Saturday, May 29, 2021

Quarantine, Week 63: Revisiting the Past

I was not expecting nostalgia week to be this week, but it happens.

First, today is the anniversary of War Machine coming out four years ago, the first time I helped the script writing of a movie!  Well, sort of.

Second, speaking of Afghanistan, I gave a lecture to the NATO Field School, a program led by Alex Moens, a CDSN co-director, on ISAF's performance in Afghanistan.  So, that forced me to think about my two most recent books which not so recent anymore.  The students asked really good questions and made me think a bit about whether the stuff I believed then applies now and what I thought about Biden's withdrawal from Afghanistan.  And ye olde ambivalence returned--I know that leaving will not help Afghanistan, but I also know that staying a year would make a huge difference.  So, a tricky thing to end one's participation in a forever war, which, yes, will continue.

Third, less nostalgia and much more dark history.  Despite studying the 67 page citizenship test guide, I really don't know much about Canadian history.  That was driven home yesterday, when news broke that someone had found 215 bodies of indigenous kids who had been taken from their families and forces into residential schools.  CNN calls it unthinkable, but it has been known for a long time (although not by me) that kids died at these "schools" at a rate similar to POWs in German camps during WWII.  That the lack of medical facilities and, to be blunt, the complete and total apathy about the condition of the kids meant that TB and other diseases ravaged them.  Just awful.  I knew it was bad, but not this bad.  And the residential schools didn't close until ... 1996.  25 years ago?!  That is appalling!  

But not everything was old or awful this week.  We had a student defend her dissertation proposal in record time, making my proposal class look good. Of course, it was entirely her focus and work that made it happen, but I can still do a happy dance.

My niece graduated from law school (keeping the streak alive, as she is the only lawyer in this next generation of Saidemans [my cousins' kids are too young, so they could be lawyers too].  The rest of the children of my siblings have neatly avoided that whole law school thing.  Anyway, back to the new lawyer who will be doing much good, as she is very much a social justice warrior.  We are super proud and know that:

On the vaccine front, Ontario is now moving towards second doses as we have reached 60% of folks getting their first ones.  That appears to be the magic number for when the pace of first doses slows and there "needs" to be more arms for the vaccines that are piling up.  The new schedule suggests June or early July, which are upon us, for me and Mrs. Spew.  So, maybe the date on my first vax document of
mid-July will actually be realized.  But still so much uncertainty and little faith that they will get their shit together.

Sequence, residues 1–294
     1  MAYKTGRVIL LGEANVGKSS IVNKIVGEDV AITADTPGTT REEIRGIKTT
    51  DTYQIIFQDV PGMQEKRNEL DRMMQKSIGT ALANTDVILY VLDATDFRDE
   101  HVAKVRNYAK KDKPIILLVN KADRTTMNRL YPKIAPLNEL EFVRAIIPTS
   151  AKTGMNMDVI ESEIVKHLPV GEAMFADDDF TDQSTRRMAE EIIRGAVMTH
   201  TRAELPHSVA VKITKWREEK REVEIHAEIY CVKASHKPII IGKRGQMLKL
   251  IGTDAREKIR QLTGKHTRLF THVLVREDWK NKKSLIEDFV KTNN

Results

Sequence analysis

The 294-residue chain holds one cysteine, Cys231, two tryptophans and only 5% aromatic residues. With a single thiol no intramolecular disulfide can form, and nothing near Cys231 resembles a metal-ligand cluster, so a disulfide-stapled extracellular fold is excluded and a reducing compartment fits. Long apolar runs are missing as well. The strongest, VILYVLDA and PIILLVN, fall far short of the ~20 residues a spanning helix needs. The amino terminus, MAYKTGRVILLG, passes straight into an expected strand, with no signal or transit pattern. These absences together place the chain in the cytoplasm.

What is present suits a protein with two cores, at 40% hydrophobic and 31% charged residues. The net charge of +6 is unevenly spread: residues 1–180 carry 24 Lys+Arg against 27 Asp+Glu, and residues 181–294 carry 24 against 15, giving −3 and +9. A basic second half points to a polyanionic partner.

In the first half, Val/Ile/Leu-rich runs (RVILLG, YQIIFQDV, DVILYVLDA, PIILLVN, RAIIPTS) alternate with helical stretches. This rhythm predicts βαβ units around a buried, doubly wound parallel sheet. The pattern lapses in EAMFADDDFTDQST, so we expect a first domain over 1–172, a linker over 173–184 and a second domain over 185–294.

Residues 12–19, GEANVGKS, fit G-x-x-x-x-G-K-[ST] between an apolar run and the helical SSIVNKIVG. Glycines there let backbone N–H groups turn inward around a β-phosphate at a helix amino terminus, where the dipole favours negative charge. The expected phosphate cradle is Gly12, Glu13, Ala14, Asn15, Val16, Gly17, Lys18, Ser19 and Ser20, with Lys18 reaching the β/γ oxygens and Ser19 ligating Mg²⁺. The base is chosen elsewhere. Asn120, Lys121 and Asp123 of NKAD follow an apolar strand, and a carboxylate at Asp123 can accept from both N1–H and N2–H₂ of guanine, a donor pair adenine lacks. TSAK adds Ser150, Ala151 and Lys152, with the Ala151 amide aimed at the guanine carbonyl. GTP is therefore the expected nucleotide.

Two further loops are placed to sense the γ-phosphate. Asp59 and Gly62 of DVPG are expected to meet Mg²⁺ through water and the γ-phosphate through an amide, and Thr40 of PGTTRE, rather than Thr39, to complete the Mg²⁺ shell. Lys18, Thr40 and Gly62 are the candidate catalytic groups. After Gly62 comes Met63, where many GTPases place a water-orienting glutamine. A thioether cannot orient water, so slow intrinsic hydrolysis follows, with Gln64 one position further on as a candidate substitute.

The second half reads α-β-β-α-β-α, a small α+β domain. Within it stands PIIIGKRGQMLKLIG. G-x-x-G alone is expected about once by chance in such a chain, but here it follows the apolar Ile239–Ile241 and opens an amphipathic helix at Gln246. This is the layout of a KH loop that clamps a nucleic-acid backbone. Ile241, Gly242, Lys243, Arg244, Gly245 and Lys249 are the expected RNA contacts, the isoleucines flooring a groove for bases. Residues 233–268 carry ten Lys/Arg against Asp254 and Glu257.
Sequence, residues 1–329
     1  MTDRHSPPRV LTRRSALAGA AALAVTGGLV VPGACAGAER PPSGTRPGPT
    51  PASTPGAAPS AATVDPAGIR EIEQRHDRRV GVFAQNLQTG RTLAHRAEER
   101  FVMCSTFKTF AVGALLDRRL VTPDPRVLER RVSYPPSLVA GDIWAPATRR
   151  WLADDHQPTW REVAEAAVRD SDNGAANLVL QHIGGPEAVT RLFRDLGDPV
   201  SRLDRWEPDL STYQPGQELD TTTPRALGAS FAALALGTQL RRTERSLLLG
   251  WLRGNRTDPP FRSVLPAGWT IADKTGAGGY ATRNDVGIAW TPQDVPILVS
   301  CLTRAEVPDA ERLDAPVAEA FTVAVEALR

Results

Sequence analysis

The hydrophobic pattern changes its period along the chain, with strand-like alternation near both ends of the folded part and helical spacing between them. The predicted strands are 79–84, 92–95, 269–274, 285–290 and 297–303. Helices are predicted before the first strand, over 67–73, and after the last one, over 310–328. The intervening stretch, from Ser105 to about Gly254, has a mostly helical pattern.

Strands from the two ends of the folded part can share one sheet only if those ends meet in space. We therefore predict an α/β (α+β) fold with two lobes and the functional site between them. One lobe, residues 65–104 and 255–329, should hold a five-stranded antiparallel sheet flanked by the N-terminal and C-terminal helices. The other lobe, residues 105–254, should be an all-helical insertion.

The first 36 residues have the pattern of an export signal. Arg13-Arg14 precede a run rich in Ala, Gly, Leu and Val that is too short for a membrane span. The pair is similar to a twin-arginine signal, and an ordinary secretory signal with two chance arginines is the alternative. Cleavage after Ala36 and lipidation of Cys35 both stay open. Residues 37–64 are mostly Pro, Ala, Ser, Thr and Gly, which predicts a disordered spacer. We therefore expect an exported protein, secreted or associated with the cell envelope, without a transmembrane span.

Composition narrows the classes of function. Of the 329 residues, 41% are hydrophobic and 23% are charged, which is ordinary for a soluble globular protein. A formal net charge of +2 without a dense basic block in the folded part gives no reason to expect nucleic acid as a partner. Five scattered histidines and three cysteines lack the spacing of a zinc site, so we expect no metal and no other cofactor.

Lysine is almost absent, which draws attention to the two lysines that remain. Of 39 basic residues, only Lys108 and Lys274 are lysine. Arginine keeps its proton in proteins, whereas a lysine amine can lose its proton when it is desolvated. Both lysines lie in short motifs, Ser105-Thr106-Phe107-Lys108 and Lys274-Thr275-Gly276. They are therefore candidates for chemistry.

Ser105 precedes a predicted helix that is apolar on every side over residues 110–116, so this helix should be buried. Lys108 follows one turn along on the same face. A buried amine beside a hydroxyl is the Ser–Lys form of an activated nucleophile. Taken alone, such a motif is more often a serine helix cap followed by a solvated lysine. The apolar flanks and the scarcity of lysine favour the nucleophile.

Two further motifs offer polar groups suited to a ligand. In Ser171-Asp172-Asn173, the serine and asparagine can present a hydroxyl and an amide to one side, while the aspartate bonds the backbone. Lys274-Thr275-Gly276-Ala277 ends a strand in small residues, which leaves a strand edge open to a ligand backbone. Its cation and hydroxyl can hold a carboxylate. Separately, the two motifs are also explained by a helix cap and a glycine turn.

It has been six months or so since my last haircut, and my hair is now longer and thicker than any time since my teens, I think.  So much hair over/around my ears that masks and glasses slide off a bit.  Not long enough for a manbun.... but I can see it from here.

Good weather and clarity about the relative safety of the outdoors has meant more conversations with neighbors.  We don't wear masks outdoors while still keeping a distance.  I hope that other lessons will be applied--less pandemic theater of wiping down surfaces and perhaps more thought about ventilation--would be nice.  I wish Ontario would relax the outdoor rules--folks can gather in groups of 10 but no sports leagues.  Which means no ultimate.  I am much more confident that we can play ultimate and not transmit the disease, but governments lag.  

Similarly, a report came out saying that Canada should do away with much of the travel quarantine bs for those who are vaccinated and for those who are partially so.  Which means, yes, they need to start deciding how to implement vaccine passports of some kind... despite leaving the collection of data to the provinces.  Sometimes, Canada does federalism in the dumbest possible ways.  

The highlight of next week will be the 50th episode of BattleRhythm--the podcast has been much work but very much worth it.  We still don't really know who the audience is, but it does seem to have one.  I am very grateful to Stef vH for agreeing to do it, as she puts a lot more work into it than I do.  And our producer, Melissa Jennings, does such a great job with it.  I will write more about the two years of podcasting next week.  I will note hear that when someone tells me they follow me on twitter, I get embarassed and apologize (I am not alone as there was a thread this past week where that was the modal response).  But when folks say they listen to the podcast, I do feel pride.  Perhaps because my social media stuff ranges from least thoughtful and edited (twitter) to half-baked (Semi-Spew) to most considered and edited and with smart, careful hands on the wheel (the aforementioned SvH and MJ).  

My American friends have a three day weekend to kick off summer.  Enjoy!  We had ours last weekend.  Get vaxxed and again!



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